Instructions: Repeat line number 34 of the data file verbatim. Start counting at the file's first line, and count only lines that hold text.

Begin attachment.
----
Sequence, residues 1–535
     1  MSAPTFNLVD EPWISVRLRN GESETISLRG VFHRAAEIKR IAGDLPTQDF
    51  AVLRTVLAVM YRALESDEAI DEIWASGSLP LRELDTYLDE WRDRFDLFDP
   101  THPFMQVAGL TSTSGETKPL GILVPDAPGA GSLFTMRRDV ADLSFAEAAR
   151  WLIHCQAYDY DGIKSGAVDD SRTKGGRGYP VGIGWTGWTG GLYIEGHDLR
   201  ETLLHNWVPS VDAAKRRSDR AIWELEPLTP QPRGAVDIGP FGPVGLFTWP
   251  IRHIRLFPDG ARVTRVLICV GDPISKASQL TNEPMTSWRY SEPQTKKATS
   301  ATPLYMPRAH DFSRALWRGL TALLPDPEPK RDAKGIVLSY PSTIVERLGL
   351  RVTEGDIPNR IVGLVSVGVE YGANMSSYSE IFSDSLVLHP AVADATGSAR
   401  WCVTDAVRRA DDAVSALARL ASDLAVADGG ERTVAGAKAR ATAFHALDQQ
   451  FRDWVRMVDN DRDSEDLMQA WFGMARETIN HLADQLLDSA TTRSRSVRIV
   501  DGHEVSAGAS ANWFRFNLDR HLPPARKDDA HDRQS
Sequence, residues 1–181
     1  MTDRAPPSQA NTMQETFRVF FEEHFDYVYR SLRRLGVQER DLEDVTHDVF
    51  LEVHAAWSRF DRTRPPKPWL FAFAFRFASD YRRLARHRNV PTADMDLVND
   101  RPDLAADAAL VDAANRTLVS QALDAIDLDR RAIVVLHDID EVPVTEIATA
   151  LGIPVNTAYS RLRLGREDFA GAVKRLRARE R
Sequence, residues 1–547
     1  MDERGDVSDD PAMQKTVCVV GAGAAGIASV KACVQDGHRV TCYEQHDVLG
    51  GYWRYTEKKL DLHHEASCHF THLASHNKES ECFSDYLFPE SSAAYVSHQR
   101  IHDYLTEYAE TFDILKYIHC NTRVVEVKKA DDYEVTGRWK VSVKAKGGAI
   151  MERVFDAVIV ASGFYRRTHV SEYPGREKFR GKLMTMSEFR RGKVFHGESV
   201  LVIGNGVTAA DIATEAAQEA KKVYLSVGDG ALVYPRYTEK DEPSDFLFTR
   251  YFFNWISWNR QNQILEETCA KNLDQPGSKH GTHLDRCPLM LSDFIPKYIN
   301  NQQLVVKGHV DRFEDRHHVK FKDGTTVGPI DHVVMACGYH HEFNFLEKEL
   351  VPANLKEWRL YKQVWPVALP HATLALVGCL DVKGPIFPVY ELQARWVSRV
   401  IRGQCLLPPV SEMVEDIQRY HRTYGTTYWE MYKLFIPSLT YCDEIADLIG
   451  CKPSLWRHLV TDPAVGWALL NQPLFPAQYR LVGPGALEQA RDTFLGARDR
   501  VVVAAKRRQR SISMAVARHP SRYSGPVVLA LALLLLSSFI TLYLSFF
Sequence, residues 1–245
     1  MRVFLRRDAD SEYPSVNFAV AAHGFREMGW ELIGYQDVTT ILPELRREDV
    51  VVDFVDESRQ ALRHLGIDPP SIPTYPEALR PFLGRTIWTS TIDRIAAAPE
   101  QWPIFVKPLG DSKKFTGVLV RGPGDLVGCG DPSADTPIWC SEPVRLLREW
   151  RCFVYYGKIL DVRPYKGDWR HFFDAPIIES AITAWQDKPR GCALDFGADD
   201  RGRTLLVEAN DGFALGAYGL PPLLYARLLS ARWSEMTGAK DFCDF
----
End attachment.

   151  RCFVYYGKIL DVRPYKGDWR HFFDAPIIES AITAWQDKPR GCALDFGADD